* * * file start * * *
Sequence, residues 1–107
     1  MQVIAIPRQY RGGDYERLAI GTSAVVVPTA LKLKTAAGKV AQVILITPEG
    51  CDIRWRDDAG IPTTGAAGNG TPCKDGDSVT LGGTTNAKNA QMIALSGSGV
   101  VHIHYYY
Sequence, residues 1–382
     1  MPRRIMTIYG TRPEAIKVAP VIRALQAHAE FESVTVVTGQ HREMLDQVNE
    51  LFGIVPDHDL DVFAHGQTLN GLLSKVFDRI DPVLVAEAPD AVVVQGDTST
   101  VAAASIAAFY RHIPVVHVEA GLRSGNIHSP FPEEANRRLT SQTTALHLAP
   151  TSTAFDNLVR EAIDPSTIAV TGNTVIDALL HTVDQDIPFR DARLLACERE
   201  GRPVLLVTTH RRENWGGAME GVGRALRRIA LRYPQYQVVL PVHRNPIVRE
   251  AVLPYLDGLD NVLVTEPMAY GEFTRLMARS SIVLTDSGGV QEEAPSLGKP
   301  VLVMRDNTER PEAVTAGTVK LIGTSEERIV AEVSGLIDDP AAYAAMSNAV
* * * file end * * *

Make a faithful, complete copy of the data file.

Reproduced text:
Sequence, residues 1–107
     1  MQVIAIPRQY RGGDYERLAI GTSAVVVPTA LKLKTAAGKV AQVILITPEG
    51  CDIRWRDDAG IPTTGAAGNG TPCKDGDSVT LGGTTNAKNA QMIALSGSGV
   101  VHIHYYY
Sequence, residues 1–382
     1  MPRRIMTIYG TRPEAIKVAP VIRALQAHAE FESVTVVTGQ HREMLDQVNE
    51  LFGIVPDHDL DVFAHGQTLN GLLSKVFDRI DPVLVAEAPD AVVVQGDTST
   101  VAAASIAAFY RHIPVVHVEA GLRSGNIHSP FPEEANRRLT SQTTALHLAP
   151  TSTAFDNLVR EAIDPSTIAV TGNTVIDALL HTVDQDIPFR DARLLACERE
   201  GRPVLLVTTH RRENWGGAME GVGRALRRIA LRYPQYQVVL PVHRNPIVRE
   251  AVLPYLDGLD NVLVTEPMAY GEFTRLMARS SIVLTDSGGV QEEAPSLGKP
   301  VLVMRDNTER PEAVTAGTVK LIGTSEERIV AEVSGLIDDP AAYAAMSNAV